Biggest fight in the 4th is in the streets Housing, crime and jobs are the major political issues in the city's 4th District.

August 28, 1991|By Joan Jacobson | Joan Jacobson,Evening Sun Staff Raymond L. Sanchez contributed to this story.

For many years, the city's 4th Councilmanic District was a political war zone, with fiercely contested races for club endorsements and votes.

Today the only war in the 4th District is in the streets as children are killed in the cross fire of drug battles in the district's impoverished neighborhoods. The politicians show up later at the funerals.

The 1992 Democratic primary race has brought forth only three contenders -- George Wiles, Michael T. Pearson and Jeffrey A. Hubbard -- to challenge the three incumbents -- Agnes Welch, Sheila Dixon and Lawrence Bell.

All three contenders are little known outside their immediate neighborhoods and not likely to gather enough district-wide support to defeat the incumbents. No Republicans are running.

The challengers talk less about stealing political power from the incumbents than they talk of the desperate needs of the people in the 4th District, which stretches west and north from the city's center.

With an 86 percent black majority, the district includes some of the city's poorest neighborhoods, such as Sandtown-Winchester, Penn-North, Lower Park Heights and Walbrook, as well as black middle-class areas such as Ashburton and the white working-class neighborhoods of Hampden and Woodberry.

Challenger Jeffrey A. Hubbard is a soft spoken Maryland National Bank teller who grew up and still lives just off North Avenue in West Baltimore.

He is spending only $300 on a low-key campaign, which he says "is not about winning or losing. It's about making a contribution back to the community, trying to make a difference."

Hubbard, 28, talks of being a role model for black children in the hopes that they will see the wisdom in saving money in a bank rather than investing in expensive sneakers.

Another young politician, incumbent Lawrence Bell, was elected his first term four years ago when he was only 25. At the time, he said, the drug problem was the major political issue, so he sponsored bills strengthening the padlock laws, allowing police to lock up properties owned by convicted drug dealers.

Today, he says he views the district's problems more broadly. But people call him mostly about dirty alleys. They need jobs and better housing. He is working with the district's two other council members to form block-watch groups to battle drug dealers.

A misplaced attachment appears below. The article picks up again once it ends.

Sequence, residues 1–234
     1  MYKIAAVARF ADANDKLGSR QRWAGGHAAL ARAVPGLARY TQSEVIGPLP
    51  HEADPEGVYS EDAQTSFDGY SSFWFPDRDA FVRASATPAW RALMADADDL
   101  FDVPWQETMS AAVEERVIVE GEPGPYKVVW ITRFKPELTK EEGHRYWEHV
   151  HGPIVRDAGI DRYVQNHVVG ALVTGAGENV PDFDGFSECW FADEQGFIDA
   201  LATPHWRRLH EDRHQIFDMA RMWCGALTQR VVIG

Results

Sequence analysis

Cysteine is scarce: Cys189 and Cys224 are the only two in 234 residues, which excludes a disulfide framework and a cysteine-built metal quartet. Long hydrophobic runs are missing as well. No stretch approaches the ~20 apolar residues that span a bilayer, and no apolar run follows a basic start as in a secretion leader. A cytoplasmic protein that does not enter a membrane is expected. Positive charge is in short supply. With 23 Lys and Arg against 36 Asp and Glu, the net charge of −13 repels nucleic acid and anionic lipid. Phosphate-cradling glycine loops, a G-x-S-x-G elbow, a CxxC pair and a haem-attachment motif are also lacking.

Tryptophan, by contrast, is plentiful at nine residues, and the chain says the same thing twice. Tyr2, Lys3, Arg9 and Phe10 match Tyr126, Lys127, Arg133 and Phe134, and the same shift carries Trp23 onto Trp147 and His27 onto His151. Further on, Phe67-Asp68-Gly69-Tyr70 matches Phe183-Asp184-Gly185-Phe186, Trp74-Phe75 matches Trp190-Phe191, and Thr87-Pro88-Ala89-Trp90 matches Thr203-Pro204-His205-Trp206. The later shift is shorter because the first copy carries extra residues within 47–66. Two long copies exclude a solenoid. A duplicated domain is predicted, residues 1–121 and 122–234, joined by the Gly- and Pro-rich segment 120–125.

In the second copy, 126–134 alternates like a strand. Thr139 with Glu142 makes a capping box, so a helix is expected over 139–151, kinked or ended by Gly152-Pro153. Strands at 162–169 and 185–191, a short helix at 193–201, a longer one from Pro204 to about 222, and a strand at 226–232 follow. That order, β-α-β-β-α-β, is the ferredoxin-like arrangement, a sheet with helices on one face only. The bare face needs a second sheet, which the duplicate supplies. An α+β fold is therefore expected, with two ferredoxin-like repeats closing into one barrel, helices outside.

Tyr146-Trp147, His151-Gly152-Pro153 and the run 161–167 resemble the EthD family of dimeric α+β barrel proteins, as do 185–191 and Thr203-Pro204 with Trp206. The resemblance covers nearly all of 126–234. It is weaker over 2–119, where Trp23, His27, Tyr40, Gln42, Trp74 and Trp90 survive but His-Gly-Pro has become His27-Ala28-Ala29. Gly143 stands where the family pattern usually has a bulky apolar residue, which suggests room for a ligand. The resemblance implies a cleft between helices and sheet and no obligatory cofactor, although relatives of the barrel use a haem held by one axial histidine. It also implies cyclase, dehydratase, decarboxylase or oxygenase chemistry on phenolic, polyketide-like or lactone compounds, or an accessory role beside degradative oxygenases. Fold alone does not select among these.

Incumbent Sheila Dixon, seeking a second term, said constituents call constantly looking for jobs and a place to live.

"My first year on the job I thought, 'I'm not an employment agency'," she said.

"Housing is the biggest problem. People trying to find better places to live, trying to get out of the [public housing] projects, or into Section 8 [subsidized housing]. Vacant houses and housing code violations are a problem."

But even more symbolic of the district's problems are the the calls Dixon gets from constituents about drug deals going down in their communities.

"People call City Hall to report drug houses, because they're afraid to call police directly," Dixon said.

The senior incumbent, Agnes Welch, running for her third term, has also found troubled neighborhoods in a sleepy political district as she walks door to door through West Baltimore.

"I don't feel the excitement of an election. But it might just be the heat," she said.

She receives the same kinds of calls that Dixon and Bell get.

"Sanitation, affordable housing -- everybody wants to be in a senior citizen center," she said.

Welch is helping some communities who get grant money to buy cellular telephones for plainclothes police so citizens can call them directly when they see drug-dealing.

Welch says she is most concerned about the murders in her district -- three in July alone this summer -- a bank teller, a Rosemont social work er and 6-year-old Tiffany Smith, who was caught in cross fire on a Rosemont sidewalk.

Another contender, George Wiles, the only white candidate, is ,, not well known outside the predominantly white parts of the newly constructed district.

But Wiles says he, too, is concerned about the bloodshed in the black communities.

"Every time somebody gets killed and that sort of thing you'll see the incumbents on TV saying, 'Oh, yeah, this is a bad situation.' That's all that's done. They just want to talk," he said.

The third challenger for a council seat, Michael T. Pearson, could not be reached for comment.

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